Ohio State Men's Basketball Snatched Defeat From the Jaws of Victory Again Under Chris Holtmann

By Johnny Ginter on December 20, 2022 at 9:20 am
Ohio State men's basketball coach Chris Holtmann

I don't believe in endemic attitudes in sports.

Let me rephrase that: I try really hard not to believe in endemic attitudes in sports. By which I mean the idea of a clutch gene in certain athletes, or that specific college sports programs are forever doomed/blessed by universal karma, or that entire geographical locations are somehow cursed.

The reason I push back so hard on these kinds of narratives is that I'm a student of history, and history has a very, very, very long memory. Alabama's dominance of college football (for instance) has felt inevitable for the better part of two decades now, but I'm old enough to remember when Mike Shula was getting the Crimson Tide sanctioned to hell and back and losing to Minnesota in the Music City Bowl. One Nick Saban later, and all memory of losing 61 games from 2000 to 2007 blows away like a fart in a hurricane.

And I begin with all of this to say that I don't truly believe that there's something supernatural about Chris Holtmann's men's basketball teams being incapable of holding on to significant leads in games, eventually causing defeats like the one we saw against North Carolina on Saturday. Deficiencies are fixable and nothing in life is static.

Unless you're Thanos.

I'm not talking about the movie version you're probably familiar with, a kind of Malthusian nutjob who can punch guys really hard. I'm also not referring to the ESPN version that made a genocidal maniac into a happy nice guy for a tweet about the World Cup. I'm also also not talking about Dawand Jones.

Instead, I'm referring to the comics version of the character from the 80's and 90's; a nihilist obsessed with death (and Death) who is smarter and more powerful than everyone else in the room, but who also subconsciously cannot avoid planting the seeds of his own downfall, knowing as he does that he's unworthy of the power he seeks.

In the Infinity Gauntlet miniseries from 1991, Thanos eventually accepts this, and teams up with the heroes before retiring to a quaint space farm. Philosophically this was a great portrayal of a classic villain that the reader knows has to lose, because his victory was internal. Thanos can't win, so he stops trying.

Ohio State men's basketball under Chris Holtmann does win more often than not, but after blowing a pretty comfortable lead against North Carolina on Saturday fans might be forgiven for thinking if this is just who Holtmann's teams are, that like Thanos maybe they too are doomed by hubris to blow it when it counts.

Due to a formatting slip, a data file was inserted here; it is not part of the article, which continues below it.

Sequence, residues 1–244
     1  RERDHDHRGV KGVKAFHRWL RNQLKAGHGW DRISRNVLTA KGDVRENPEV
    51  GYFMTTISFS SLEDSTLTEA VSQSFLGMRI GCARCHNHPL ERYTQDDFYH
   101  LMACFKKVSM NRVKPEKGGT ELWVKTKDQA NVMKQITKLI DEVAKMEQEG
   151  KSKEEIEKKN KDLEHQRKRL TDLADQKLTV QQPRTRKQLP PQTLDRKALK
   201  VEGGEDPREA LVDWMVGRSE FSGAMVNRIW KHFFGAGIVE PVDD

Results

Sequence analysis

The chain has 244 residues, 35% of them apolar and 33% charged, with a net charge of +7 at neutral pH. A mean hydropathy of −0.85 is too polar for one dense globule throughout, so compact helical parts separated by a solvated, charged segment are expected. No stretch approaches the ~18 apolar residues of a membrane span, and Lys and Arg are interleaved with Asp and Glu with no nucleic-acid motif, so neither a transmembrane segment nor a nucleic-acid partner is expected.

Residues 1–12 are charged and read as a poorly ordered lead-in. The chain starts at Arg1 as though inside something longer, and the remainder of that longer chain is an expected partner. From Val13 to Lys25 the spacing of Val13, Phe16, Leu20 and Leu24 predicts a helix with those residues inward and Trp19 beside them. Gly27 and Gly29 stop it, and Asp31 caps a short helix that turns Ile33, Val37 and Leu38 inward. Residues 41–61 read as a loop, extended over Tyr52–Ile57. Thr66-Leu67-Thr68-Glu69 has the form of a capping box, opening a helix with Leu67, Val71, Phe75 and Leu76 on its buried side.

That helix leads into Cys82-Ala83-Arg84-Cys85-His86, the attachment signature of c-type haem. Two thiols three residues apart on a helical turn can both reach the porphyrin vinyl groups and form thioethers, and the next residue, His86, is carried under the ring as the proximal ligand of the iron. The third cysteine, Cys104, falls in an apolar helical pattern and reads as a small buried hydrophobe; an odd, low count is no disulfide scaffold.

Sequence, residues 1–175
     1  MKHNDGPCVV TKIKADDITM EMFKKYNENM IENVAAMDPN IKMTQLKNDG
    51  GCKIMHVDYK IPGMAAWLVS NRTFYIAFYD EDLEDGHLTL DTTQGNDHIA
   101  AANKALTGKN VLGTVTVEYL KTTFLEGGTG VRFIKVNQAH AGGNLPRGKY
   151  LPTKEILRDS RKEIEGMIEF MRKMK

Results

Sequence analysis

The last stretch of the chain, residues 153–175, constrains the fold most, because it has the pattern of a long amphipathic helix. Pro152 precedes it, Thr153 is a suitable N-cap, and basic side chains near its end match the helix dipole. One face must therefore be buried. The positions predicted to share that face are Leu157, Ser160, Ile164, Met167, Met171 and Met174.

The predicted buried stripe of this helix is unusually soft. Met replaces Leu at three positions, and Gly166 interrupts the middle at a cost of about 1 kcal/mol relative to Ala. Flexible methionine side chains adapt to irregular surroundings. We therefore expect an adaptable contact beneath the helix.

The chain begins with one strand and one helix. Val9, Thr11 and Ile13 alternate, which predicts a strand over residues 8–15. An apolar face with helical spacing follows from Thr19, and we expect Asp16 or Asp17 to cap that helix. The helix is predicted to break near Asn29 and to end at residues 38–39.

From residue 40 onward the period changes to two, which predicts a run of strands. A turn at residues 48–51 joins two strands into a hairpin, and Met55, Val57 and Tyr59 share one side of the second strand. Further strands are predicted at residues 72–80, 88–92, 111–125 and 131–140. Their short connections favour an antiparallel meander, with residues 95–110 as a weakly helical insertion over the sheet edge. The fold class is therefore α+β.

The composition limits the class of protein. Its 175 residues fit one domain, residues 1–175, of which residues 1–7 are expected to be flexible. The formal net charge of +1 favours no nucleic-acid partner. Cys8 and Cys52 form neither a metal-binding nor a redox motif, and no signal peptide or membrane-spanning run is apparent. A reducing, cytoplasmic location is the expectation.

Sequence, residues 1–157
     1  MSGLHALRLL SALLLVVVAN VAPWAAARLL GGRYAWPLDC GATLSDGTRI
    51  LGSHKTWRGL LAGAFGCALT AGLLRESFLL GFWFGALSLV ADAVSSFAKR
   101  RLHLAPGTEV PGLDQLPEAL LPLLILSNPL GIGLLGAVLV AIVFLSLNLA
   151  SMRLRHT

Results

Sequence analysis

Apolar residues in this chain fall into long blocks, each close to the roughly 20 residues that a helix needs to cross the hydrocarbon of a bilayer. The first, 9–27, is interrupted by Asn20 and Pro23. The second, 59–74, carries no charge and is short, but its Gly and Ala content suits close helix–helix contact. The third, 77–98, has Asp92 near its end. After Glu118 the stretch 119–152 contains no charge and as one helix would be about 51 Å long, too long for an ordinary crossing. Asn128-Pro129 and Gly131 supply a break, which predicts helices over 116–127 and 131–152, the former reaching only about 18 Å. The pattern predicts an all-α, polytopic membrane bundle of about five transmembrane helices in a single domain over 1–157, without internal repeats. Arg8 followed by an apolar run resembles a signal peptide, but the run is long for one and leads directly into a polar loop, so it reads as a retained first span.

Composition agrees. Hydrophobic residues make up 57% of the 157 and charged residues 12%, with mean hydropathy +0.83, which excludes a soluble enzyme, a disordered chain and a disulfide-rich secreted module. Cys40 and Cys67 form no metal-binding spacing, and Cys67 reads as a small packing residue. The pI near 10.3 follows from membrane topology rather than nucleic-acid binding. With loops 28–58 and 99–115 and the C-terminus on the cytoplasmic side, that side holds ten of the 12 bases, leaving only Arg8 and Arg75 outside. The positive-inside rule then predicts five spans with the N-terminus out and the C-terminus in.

The Buckeyes were up by 11 points against the Tar Heels with just over seven minutes to go, and ended up squandering a second-half lead of 10 points or more for the fourth time in Holtmann's tenure with Ohio State. Against Butler in 2017, Ohio State had a 14 point lead with under four minutes to play and lost in overtime. In 2020, the Buckeyes lost to Minnesota despite an early second half lead of 11 points, and last season they got skunked by Penn State despite leading for roughly 10 points until the last five minutes or so of the game.

If we're being honest with ourselves, this isn't some terrible record of failure. Teams lose in dumb ways all the time that don't necessarily reflect on a program or coach.

But blown leads (even if they don't lead to losses most of the time) are frustrating because even though it'd be easy to write them off as a feature of college basketball games in general, for Ohio State fans wanting to see the Buckeyes perform at a higher level than they've seen over the past several years under Chris Holtmann this has begun to feel like a feature of his program, no matter who is on the court.

Put another way, when watching Ohio State men's basketball, I keep thinking about this quote from Mark Titus' Don't Put Me In, Coach:

Maybe that's what Ohio State men's basketball is as a program right now: a team that shows up every year with a lot of talent, but also lacks the confidence of its conviction. A team with permanently clenched cheeks, trying to escape with wins rather than seizing them.

Is it endemic? Is that just who the men's basketball Buckeyes are doomed to be, forever?

Of course not. But changing that starts with coaching.

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